It has been a busy summer in its own way for campus ministry. As I look back at the activity since the end of the Spring semester, the undercurrent that flows through my prayerful reflections is that of community. As I mentioned here a few weeks ago, I have had the opportunity to engage in the community of the universal church through my directorship of the Campus Ministry Leadership Institute, in continuing my graduate studies at Creighton, and in prayerful silence and reflection on an 8 day retreat. In all these experiences, I recognize that I bring along a strong sense of our faith community at Newman. I have been shaped and formed by this community in so many ways, and with a humble heart, I trust that our efforts in campus ministry provide a space for students to both offer their gifts for the common good of our faith community and to be shaped and formed by our community.
The blessing of community was on full display just this past week. One of our student members has made the tough decision to leave NMSU and head back East to be closer to family. While folks are sad to see her go, they also have a clear desire to celebrate her time here and the faithful bonds that have developed and strengthened over the past couple of years. As the campus ministry community gathered last week to pray, share a meal, and enjoy each others company, it was easy to recognize the presence of the Holy Spirit!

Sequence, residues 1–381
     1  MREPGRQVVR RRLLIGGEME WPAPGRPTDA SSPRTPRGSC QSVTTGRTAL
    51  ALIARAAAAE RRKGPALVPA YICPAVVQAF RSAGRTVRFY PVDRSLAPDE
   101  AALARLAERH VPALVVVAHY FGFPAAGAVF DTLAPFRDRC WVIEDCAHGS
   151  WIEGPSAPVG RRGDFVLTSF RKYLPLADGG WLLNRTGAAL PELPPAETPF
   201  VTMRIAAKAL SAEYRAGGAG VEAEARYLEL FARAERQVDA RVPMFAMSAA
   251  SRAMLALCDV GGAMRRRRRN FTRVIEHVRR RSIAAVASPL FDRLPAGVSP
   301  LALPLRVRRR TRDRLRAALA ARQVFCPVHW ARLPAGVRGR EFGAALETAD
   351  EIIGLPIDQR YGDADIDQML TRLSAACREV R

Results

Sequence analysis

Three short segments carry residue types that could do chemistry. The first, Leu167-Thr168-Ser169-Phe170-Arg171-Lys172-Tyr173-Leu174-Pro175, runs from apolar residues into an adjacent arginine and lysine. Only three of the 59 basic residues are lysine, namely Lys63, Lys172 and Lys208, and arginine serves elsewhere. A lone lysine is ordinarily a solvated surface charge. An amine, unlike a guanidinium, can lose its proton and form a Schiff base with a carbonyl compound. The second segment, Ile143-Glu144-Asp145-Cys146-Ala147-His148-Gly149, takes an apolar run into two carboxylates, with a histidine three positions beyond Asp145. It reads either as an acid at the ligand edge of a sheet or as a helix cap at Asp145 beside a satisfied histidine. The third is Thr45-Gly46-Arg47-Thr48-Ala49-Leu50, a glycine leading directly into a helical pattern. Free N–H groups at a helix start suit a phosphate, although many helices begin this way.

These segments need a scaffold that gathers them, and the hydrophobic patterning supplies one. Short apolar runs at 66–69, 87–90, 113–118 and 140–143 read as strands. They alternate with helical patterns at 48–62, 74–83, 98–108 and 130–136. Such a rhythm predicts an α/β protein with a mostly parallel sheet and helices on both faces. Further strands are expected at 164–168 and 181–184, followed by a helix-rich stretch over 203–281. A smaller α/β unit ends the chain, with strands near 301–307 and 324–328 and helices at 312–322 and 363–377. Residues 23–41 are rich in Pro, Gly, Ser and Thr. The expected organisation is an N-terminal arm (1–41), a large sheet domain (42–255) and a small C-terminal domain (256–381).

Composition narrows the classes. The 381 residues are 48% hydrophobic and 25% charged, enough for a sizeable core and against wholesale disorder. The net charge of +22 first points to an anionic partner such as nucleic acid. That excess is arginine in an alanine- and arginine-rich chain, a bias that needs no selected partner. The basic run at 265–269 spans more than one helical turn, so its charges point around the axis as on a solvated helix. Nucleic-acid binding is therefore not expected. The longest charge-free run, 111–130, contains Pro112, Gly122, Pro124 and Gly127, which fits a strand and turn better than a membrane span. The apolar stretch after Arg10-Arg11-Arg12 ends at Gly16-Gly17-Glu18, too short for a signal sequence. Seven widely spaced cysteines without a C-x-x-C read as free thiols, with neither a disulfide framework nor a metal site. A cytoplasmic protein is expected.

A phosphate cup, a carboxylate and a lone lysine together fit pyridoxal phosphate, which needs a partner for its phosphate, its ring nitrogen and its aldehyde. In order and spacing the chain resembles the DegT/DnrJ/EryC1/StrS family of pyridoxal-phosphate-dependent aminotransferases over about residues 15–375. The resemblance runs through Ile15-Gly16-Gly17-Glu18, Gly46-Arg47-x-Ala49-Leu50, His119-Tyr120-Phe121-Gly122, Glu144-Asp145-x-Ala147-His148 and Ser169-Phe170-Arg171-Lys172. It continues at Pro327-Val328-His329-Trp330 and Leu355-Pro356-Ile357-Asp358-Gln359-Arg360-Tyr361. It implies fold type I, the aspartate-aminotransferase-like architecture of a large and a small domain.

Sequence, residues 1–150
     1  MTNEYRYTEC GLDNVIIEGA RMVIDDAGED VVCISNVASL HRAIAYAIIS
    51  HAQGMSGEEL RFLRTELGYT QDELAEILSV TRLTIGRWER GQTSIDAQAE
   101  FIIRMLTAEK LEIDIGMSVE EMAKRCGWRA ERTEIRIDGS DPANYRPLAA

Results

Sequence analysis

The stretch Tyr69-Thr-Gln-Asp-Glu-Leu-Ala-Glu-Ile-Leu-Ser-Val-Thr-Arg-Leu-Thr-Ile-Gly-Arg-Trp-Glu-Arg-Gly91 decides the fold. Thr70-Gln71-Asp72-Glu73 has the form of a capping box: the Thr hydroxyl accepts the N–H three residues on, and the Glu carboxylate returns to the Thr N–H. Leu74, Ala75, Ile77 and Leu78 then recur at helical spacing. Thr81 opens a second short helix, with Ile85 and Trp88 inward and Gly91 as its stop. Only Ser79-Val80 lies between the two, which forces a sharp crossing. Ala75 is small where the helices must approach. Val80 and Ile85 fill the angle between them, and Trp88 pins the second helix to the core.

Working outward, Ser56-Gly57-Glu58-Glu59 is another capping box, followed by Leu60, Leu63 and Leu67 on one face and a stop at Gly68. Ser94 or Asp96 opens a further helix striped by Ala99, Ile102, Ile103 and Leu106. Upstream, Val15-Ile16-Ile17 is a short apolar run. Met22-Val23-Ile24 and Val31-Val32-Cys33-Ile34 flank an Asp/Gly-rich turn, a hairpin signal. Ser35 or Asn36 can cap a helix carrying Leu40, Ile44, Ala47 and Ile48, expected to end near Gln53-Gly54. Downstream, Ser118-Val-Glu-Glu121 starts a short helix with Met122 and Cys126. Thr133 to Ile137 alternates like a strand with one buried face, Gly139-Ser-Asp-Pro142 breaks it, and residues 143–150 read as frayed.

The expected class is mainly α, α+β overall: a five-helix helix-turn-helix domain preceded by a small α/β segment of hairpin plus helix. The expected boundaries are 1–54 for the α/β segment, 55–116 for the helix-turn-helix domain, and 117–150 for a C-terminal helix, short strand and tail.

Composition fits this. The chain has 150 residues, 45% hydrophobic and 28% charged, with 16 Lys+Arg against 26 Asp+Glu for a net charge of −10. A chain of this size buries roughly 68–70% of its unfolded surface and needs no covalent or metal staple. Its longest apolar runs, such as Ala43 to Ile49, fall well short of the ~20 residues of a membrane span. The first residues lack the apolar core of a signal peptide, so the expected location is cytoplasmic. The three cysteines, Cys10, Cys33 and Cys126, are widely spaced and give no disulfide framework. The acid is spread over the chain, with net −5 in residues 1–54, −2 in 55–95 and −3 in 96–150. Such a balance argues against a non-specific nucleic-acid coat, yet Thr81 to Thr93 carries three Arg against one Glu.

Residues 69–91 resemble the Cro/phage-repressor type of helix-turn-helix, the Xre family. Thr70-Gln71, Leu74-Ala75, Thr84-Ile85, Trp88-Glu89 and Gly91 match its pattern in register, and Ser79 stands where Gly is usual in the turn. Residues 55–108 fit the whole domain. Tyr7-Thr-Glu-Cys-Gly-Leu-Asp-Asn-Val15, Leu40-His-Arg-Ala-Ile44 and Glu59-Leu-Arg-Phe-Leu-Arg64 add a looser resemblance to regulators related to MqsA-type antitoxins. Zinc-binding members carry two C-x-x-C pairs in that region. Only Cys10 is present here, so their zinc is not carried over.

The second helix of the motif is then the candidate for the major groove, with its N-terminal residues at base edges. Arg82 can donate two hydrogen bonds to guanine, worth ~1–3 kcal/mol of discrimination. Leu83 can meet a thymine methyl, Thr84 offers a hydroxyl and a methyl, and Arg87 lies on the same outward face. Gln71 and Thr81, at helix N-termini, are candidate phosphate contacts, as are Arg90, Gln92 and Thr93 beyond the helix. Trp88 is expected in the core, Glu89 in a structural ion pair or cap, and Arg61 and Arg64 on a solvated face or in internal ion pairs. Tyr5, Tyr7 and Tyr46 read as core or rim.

Community has always been essential to faith.
In the Hebrew Scriptures,
God formed a people.
In the Gospels, Jesus gathered a community of followers.
the Christian community was marked by a great diversity in language, class,
religious, background, etc.
The very concept of the
—three persons in one God—implies that the
God we worship is actually
a community of persons.
And the Church itself
is known as the Body of Christ.
(Empowered By The Spirit #36)
Our U.S. Bishops highlight that it is very important for us to ask and explore this very question. They offer a resource for how to do this called, Forming Consciences for Faithful Citizenship: A Call to Political Responsibility. In the coming months our parish will use Faithful Citizenship as a framework to reflect on our rights and duties in our democracy. Look for more info on how you can get involved in the bulletin and pulpit announcements at the end of Mass.
If you'd like to help plan learning and prayer opportunities related to Faithful Citizenship, email me at monastalbertnewmancenter.org.
Sharing the 'Good News' of Campus Ministry!